Rather than exhibiting “normalization,” the situation for peaceful civilians in Chechnya is actually deteriorating, according to a joint statement released on April 7 by four human rights groups–three of them western and one Russian. The groups are Amnesty International, Human Rights Watch, the Medical Foundation for the Care of Victims of Torture, and Memorial.
The rights groups called attention especially to the threat to Chechen refugees in Ingushetia, where four major tent camps for displaced persons have been closed since last autumn, the latest on April 1. Refugees told human rights monitors, according to the joint statement, that “enforcement officials threatened to plant bullets or narcotics on them if they did not leave. Researchers of Amnesty International, Human Rights Watch and Memorial found that similar carrot-and-stick tactics are now used in Satsita, the only remaining tent camp in Ingushetia.”
The human rights groups also used their combined resources to get updated information about the state of the temporary accommodation centers (TACs) that are being used to house refugees who return from Ingushetia to Chechnya. The joint statement reported that “on visits to four temporary accommodation centers in Grozny in late March, Human Rights Watch and Memorial researchers found that the conditions at the TACs do not meet international standards. In each TAC, rooms were overcrowded with eight or more persons sharing a fourteen-square meter room designed for six. There was no running water or functioning sewage system in any of them, and humanitarian food supplies were said to be irregular and insufficient, as many of the IDPs said they did not receive aid from humanitarian agencies.”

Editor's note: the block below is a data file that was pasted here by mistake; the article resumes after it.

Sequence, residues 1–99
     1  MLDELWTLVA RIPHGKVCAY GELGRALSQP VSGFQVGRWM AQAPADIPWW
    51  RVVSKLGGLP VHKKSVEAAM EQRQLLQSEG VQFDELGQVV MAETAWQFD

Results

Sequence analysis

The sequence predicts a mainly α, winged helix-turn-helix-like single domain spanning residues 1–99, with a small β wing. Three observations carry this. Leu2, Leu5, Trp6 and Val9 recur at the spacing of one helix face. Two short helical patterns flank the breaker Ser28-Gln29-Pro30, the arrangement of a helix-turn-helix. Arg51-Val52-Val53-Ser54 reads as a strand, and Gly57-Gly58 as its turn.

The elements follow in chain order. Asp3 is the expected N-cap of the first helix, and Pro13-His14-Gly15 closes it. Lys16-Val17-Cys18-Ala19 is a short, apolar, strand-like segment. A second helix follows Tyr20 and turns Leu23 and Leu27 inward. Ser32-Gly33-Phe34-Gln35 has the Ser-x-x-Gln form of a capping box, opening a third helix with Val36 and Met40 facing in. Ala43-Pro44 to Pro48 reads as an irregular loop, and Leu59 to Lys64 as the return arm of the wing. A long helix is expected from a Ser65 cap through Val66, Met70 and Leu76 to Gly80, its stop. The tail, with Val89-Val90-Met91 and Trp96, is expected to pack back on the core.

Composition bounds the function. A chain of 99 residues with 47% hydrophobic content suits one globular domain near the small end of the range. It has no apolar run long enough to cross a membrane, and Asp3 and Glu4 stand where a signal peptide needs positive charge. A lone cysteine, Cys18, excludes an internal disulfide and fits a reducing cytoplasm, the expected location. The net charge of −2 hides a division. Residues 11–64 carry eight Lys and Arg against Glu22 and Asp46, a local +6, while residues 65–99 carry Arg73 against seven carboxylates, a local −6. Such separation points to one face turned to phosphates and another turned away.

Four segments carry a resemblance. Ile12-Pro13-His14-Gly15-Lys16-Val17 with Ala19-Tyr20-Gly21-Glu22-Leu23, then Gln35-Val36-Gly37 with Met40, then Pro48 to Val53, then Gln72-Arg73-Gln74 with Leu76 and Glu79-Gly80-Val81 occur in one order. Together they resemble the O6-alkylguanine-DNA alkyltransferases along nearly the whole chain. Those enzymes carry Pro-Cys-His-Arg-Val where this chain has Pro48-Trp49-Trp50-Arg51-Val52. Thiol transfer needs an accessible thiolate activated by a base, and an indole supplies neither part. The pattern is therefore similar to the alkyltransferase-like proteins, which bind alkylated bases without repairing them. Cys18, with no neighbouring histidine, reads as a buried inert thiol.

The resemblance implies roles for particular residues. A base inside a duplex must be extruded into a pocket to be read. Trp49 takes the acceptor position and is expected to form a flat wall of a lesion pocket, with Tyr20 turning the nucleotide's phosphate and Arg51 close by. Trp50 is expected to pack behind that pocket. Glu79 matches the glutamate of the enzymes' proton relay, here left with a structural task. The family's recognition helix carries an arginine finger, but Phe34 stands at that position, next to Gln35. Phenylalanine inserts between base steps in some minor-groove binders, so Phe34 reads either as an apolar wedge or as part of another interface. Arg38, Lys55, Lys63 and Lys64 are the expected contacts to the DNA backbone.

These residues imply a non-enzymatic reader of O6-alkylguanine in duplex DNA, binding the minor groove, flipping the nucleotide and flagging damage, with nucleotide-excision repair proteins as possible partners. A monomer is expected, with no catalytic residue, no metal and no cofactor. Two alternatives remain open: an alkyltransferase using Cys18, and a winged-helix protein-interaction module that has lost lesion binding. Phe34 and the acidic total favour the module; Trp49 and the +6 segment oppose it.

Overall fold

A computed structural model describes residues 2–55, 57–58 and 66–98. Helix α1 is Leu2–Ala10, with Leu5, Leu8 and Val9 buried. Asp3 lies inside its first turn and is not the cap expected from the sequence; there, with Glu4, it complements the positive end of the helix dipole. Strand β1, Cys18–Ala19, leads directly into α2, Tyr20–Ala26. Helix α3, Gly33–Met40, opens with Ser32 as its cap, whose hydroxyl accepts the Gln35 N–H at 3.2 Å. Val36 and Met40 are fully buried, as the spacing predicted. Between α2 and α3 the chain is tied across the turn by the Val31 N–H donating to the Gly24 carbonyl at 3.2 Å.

The joint statement reported the finding of observers from Memorial that some seventy-eight people are known to have been abducted in Chechnya during the first three months of 2004. Of these, forty-one have “disappeared.” In one case, according to the joint statement, “at around 2:00 a.m. on March 27, 2004, eight military vehicles entered the village of Duba-Yurt in the Shali region, carrying a large group of masked men in camouflage uniforms. The men conducted a targeted raid on nineteen houses and detained eleven men aged between twenty-eight and forty-four. Shortly after, the armed men released three of the men near the village but the other eight men have ‘disappeared.’ Unofficial sources have told relatives that the eight men are held at the Russian military base in Khankala. The procuracy denies they are held there.”
Confirming previous reports from various sources that the violence in Chechnya is now been spreading to Ingushetia, the joint statement noted “dozens of reports of ‘disappearances’ in 2004 alone,” as well as “a number of summary executions in recent months and attacks against civilians resulting in deaths and serious injuries.” In one recent case, “a Russian military helicopter opened fire on a passenger car parked at a riverbank near the Ingush village of Sleptsovskaya in what appeared to be a deliberate attack against unarmed civilians. When the four passengers ran from the vehicle, the helicopter targeted them with rockets. One of the passengers, twenty-year-old Musa Khamkhoev, was killed on the spot. Two other passengers, both teenagers, suffered serious wounds and were taken to the local hospital. One of them, sixteen-year-old Ibragim Khashagulgov, died from his injuries a week later.”